But Thamel, the area popular with tourists since hippy days, was dead. I apologetically told some Nepalis that I found it nicer now to walk in Thamel, without the pedestrian traffic jams and the crazy noise. But the impact on local businesses must be terrible. Some restaurants and cafes can partially rely on well-off Nepalis, but the countless tour operators and sellers of hiking gear and souvenirs are all completely empty. Even the drug dealers constantly pestering tourists seem desperate for some business.

Despite all this, I had time to kill, so I went for some Kathmandu sightseeing for the first time. During my previous visit, I had just “headed straight for the hills” (well, 7,000+ m altitude “hills”).


On the more local shopping streets the difficulties were not immediately obvious.


Durbar Marg, the poshest street in Kathmandu. I know it doesn’t look like much on the picture, but there are some nice store and restaurants there. And it sees a mix of well-off locals and tourists, always nicer than the 99% foreign restaurants of Thamel.


The Garden of Dreams, built a long time ago by a local big shot, abandoned for decades and recently restored. A pleasant break from the noisy streets.




The steps to the Harati Devi Temple.


Typical Buddhist prayer flags, just like you find in Tibet.


I don’t think the main temple was damaged, but the structure with supports I showed you earlier was located there. The place is full of animals: dogs, pigeons and monkeys. Unsurprising, since people feed them.


Monkeys having a drink!


The National Museum was being visited by local schools, me, and nobody else. It houses a nice collection of local art.


Despite the sign, clearly a part of the statue is being touched a lot.

One room housed a collection of dolls dressed in the traditional costumes of various countries. Not something that would normally interest me.


But I did notice one of the German dolls was a transvestite. Interesting.


I also saw the absolute last thing I expected to see, a small piece of Moon rock and a miniature Nepali flag that flew there and back! Given by Richard Nixon to the King of Nepal.


The Military Museum. Again, only school kids and me. Because of the power shortage and the building’s lack of windows, I have no good pictures to show you.


Around the Boudhanath, a UNESCO World Heritage site and one of the largest stupa in the word. Because the area around it is car-free, it is one of the most pleasant strolls in the city. As in all Buddhist sites in the region, go around counter-clockwise, that’s what the pilgrims do.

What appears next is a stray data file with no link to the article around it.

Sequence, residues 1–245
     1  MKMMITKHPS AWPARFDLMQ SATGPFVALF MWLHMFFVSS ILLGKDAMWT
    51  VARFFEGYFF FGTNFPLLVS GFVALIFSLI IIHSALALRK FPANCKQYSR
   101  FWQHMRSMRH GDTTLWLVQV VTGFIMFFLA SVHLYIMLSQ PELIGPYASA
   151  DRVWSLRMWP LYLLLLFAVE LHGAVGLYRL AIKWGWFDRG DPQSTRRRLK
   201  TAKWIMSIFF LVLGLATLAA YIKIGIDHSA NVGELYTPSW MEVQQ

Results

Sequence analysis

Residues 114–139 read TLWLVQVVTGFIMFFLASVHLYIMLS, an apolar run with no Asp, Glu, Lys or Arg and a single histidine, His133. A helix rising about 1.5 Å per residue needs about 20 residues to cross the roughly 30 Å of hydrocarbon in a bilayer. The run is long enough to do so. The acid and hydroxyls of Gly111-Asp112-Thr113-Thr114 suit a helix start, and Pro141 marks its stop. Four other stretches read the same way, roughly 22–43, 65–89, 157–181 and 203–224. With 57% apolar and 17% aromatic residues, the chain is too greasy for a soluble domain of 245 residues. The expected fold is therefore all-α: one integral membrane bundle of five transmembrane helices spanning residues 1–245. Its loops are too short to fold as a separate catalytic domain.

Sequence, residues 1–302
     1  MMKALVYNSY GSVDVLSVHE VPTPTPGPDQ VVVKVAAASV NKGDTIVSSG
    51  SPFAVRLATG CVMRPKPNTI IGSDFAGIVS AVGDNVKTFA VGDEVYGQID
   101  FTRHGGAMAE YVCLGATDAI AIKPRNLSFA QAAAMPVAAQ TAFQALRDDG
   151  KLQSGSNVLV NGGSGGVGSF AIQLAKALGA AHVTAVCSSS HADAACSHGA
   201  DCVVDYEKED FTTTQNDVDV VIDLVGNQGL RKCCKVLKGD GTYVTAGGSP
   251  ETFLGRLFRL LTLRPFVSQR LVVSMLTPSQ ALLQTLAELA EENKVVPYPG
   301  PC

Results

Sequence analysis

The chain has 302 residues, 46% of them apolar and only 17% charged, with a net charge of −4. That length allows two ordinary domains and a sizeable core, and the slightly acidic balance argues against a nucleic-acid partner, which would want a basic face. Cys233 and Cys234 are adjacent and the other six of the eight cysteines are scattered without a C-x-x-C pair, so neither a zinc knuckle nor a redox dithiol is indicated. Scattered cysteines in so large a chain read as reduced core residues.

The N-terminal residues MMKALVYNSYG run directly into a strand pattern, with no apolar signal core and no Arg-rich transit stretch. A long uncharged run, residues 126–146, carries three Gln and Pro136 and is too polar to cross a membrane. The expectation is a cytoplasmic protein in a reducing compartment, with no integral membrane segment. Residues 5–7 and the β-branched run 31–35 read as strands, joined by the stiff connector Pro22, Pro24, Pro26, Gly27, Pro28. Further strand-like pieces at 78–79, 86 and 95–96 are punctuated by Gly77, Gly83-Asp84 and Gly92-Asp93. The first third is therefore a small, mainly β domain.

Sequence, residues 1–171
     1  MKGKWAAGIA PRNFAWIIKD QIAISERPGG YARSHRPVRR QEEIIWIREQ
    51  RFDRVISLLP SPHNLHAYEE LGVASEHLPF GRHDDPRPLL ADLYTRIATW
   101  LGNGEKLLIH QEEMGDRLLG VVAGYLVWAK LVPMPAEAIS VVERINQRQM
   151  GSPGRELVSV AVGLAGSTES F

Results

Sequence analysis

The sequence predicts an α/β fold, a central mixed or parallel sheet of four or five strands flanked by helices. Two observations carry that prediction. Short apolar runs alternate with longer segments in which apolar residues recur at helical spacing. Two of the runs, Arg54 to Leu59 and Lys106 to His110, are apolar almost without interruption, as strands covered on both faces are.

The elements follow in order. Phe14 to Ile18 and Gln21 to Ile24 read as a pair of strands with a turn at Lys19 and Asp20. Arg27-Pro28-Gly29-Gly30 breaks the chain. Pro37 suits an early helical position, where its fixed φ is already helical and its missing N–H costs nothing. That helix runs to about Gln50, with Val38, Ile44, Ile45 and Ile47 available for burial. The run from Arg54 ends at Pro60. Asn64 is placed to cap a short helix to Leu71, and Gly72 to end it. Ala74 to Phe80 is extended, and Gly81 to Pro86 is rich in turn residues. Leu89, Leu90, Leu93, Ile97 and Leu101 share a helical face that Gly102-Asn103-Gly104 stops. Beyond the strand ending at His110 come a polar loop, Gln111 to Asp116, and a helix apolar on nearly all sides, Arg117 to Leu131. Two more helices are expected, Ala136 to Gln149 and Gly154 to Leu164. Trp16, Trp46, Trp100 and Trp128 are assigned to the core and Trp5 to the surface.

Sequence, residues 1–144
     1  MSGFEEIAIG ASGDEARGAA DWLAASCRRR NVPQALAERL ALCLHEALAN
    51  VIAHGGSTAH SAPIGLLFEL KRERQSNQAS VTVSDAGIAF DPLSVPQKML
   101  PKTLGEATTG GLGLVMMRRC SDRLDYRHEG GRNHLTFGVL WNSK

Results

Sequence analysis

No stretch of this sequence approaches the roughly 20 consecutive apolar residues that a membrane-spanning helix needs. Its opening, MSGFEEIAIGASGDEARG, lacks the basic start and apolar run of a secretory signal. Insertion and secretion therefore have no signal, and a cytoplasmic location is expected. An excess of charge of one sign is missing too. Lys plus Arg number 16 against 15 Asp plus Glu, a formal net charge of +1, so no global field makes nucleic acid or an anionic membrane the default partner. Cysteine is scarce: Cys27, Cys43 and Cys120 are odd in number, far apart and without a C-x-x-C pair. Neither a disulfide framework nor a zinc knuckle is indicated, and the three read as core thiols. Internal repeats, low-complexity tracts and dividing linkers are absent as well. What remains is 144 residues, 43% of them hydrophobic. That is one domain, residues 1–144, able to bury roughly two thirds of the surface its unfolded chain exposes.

It’s also nice to see the people performing their rituals.


But unfortunately, the earthquake destroyed much of the Boudhanath, and there is not much left to look at, except the giant poster showing what it used to look like. The good news is that they are busy rebuilding it.


Happy Hour on girly drinks at the Funky Buddha Bar. I had mentioned on Facebook that I was in Kathmandu and my friend Rachel, from Singapore, said she would be there the next day. Happy coincidence, but the day after that we were headed in different directions. She was headed to Phokara, which I love but considered too far for my short stay. As soon as I had my Indian visa, I headed for the village of Nagarkot for a few days.


It was deader than dead. I asked my hotel owner how such places could even stay in business. He said restaurant or hotel owners in Nepal usually own the building. So you have hard times, but you don’t necessarily go bankrupt trying to pay rent. I would normally not eat in such an empty restaurant, but they were all like that. Since I was starving, I reluctantly ordered vegetable soup and chicken fried rice. The boy left the house and came back a few minutes later with vegetables. I heard a lot of chopping coming from the kitchen and eventually soup appeared.


Followed by chicken fried rice, all made from scratch and delicious, especially with the coriander. It may not appear so, but that is a pretty big plate. I mentioned it to the owner/manager/hostess/cook/waitress/barmaid/busgirl and she said: “Of course, I made a big plate. You said you were very hungry”. Just the nicest people you will ever meet. And it is relatively easy to find people who speak English because of Nepal’s colonial history. Since none of Nepal’s 123 native languages are spoken by a majority of citizens, English has become the common language for official and business matters. Nepali is the most common language for everyday stuff, but the first language of only 44% of Nepalis.